Wear your poppy with pride, what­ever the colour

The Star (St. Lucia) - - INTERNATIONAL - ---BBC

11 Novem­ber is Remembrance Day—a day to com­mem­o­rate the First World War and the con­flicts that fol­lowed it.

Many peo­ple choose to wear a red poppy around this time to pay re­spect to those who have lost their lives fight­ing on be­half of their coun­try.

While the red poppy is the most well known sym­bol of remembrance, there are other coloured pop­pies too—white, black and pur­ple—that have dif­fer­ent mean­ings.

The pur­ple poppy is of­ten worn to re­mem­ber an­i­mals that have been vic­tims of war. An­i­mals like horses, dogs and pi­geons were of­ten drafted into the war ef­fort, and those that wear the pur­ple poppy feel their ser­vice should be seen as equal to that of hu­man ser­vice. In par­tic­u­lar, many horses were killed or in­jured in World War One.

The black poppy has two dif­fer­ent mean­ings at­tached to it but is most com­monly as­so­ci­ated with the com­mem­o­ra­tion of black, African and Caribbean com­mu­ni­ties' con­tri­bu­tion to the war ef­fort, as ser­vice­men and ser­vice­women, and as civil­ians.The cam­paign or­gan­is­ers say that while they also sup­port the red poppy, they feel that the black poppy high­lights this con­tri­bu­tion and the place of black, African and Caribbean com­mu­ni­ties in remembrance.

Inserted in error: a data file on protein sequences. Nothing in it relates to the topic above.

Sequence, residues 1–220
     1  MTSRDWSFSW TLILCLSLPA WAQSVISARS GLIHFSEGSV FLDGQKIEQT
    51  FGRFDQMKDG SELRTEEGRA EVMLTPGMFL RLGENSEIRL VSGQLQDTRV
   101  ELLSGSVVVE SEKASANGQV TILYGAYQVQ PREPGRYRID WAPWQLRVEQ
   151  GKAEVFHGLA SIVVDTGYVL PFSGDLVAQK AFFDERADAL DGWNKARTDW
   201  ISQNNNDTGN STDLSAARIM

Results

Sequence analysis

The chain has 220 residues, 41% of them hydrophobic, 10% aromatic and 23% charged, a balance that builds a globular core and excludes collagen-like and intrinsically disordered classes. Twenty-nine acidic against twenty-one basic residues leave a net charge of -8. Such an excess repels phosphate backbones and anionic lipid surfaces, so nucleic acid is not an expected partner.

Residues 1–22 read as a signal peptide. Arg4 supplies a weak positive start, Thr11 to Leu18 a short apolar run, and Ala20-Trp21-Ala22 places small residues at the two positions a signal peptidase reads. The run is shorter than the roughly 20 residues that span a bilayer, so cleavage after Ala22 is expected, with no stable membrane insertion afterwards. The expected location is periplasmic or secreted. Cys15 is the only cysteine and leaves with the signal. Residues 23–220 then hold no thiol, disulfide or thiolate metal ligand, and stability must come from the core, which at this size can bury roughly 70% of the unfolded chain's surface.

Some peo­ple feel that the red poppy glo­ri­fies war and con­flict. In­stead they might choose to wear a white poppy. The white poppy is handed out by a char­ity called Peace Pledge Union, which pro­motes peace. They say that the white poppy com­mem­o­rates peo­ple who died in con­flict, but fo­cuses on achiev­ing peace and chal­leng­ing the way we look at war.

The poppy is ar­guably the most fa­mous sym­bol used to com­mem­o­rate those who sac­ri­ficed their lives in World War One and con­flicts that fol­lowed.

Wear­ing a poppy was in­spired by the fields of pop­pies that grew where many of the bat­tles were fought.

The red poppy is con­nected to the Royal Bri­tish Le­gion, a char­ity cre­ated by vet­er­ans of World War One. They say that the red poppy rep­re­sents remembrance and hope.

Red is not the only recog­nised colour for a Remembrance poppy.

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